Tag Archives: pedagogy

Announcing ethnoGRAPHIC: A New Series

Well, we’re just about finished our Graphic Adventures in Anthropology, and now that we have you primed, we’re thrilled to announce a new book series here at the University of Toronto Press called ethnoGRAPHIC: Ethnography in Graphic Form. Whether you are an aspiring artist, or just interested in the possibilities of this format as both a methodology and a unique way of communicating your research results, we welcome expressions of interest and discussions about potential collaborations. It’s a brave new world out there, and we’re convinced that many academics want to be more creative in how they reach their audiences. We hope this series will harness some of that creativity. read more…

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Unflattening Scholarship with Comics

For this post, We sat down with Nick Sousanis to talk about the challenges and benefits of making a stronger connection between comics, scholarship, and pedagogy in higher education. Nick defended his comic dissertation last spring at Columbia’s Teacher College and the published book, Unflattening, is being published by Harvard University Press this month. read more…

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Comics in the Community

It all started with the May 2006 LA Times Book Review, and a comic panel of Brian Fies’ mom receiving chemotherapy. Fies’ panel, entitled “Arrangement in Grey and Black,” from his comic Mom’s Cancer, shows his mother sleeping while receiving chemotherapy. At the time I considered the panel as another artifact of cancer’s culture. But the image never left me. read more…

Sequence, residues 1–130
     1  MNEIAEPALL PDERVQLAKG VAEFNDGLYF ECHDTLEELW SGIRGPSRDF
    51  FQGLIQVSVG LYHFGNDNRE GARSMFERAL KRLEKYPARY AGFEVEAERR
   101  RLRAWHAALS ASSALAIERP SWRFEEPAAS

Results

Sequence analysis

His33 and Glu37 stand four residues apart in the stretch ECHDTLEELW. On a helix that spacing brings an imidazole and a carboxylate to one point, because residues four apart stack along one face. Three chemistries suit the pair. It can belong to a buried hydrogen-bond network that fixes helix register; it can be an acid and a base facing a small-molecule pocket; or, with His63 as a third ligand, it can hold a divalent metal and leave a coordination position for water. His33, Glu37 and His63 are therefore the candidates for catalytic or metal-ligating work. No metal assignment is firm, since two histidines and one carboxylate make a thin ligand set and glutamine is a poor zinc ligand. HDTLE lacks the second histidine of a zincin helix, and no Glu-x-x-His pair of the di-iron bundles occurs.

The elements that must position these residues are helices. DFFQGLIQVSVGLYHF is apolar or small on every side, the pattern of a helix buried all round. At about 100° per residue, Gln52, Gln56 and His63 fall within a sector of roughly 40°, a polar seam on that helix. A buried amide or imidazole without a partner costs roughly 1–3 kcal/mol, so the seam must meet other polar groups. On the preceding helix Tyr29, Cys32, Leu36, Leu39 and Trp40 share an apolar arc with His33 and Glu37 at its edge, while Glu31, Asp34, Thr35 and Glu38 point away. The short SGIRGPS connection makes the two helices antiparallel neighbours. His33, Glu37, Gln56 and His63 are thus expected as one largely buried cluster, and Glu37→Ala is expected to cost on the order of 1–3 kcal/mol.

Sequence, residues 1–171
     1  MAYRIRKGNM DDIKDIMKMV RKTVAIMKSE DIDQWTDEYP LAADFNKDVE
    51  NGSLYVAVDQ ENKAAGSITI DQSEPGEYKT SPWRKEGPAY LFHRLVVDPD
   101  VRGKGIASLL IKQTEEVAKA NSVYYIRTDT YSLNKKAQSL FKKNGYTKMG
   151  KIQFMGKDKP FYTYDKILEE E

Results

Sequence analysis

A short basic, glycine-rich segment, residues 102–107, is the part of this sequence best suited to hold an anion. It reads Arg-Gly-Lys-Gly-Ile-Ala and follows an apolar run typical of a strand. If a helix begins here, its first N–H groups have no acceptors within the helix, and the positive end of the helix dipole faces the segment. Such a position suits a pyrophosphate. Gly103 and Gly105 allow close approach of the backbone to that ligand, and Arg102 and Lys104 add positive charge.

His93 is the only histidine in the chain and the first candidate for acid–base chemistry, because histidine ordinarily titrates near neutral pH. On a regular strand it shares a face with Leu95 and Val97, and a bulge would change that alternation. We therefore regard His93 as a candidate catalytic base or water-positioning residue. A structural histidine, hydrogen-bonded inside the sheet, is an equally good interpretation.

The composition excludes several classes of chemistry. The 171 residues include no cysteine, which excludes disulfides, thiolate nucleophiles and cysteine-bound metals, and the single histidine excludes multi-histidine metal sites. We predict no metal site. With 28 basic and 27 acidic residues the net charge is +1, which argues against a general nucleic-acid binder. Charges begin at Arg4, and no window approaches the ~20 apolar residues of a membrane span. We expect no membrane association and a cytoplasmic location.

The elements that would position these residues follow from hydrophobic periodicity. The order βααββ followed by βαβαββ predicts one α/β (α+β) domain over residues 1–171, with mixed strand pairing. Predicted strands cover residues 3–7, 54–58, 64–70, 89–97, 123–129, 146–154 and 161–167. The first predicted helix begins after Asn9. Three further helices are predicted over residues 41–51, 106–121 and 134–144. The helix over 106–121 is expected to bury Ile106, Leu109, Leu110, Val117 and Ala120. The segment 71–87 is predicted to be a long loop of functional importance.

• dateMarch 27, 2015
  • commentsNo comments
  • posted byJuliet McMullin
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Teaching Comics in a Medical Anthropology and Humanities Class

True or false: Stick figures effectively convey complex emotions and experiences.

If you were to ask me this question a year ago, I would have confidently replied “false.” That was before I stumbled across Allie Brosh’s web comic “Hyperbole and a Half.” Brosh chronicles her adventures with cleaning, dogs, and depression through a crudely drawn pink stick figure with a strange yellow triangle atop her head. The triangle is supposed to be a ponytail, but it is open to interpretation. read more…

  • dateMarch 16, 2015
  • comments1
  • posted byColeman Nye
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“You’ve got to draw it if you want to see it”: Drawing as an Ethnographic Method

My teacher Linda Schele said those words to me years ago when teaching me about the iconography of ancient Maya sculptures. She’d given me an assignment: to make sense of the carved stone monuments from the ancient site Quirigua, in south-east Guatemala. All I had were photocopies of Alfred Maudsley’s 1880s photographs, and I was having trouble distinguishing meaningful elements from the convoluted Baroque tendrils and curls on these elaborate carvings. I brought my photocopies to her house, and the first thing she did was put one on a light-box, taping a sheet of tracing paper on top, saying, “You’ll never see a thing just staring at it on paper! You’ve got to draw it if you want to see it.” read more…

  • dateFebruary 20, 2015
  • commentsNo comments
  • posted byAndrew Causey
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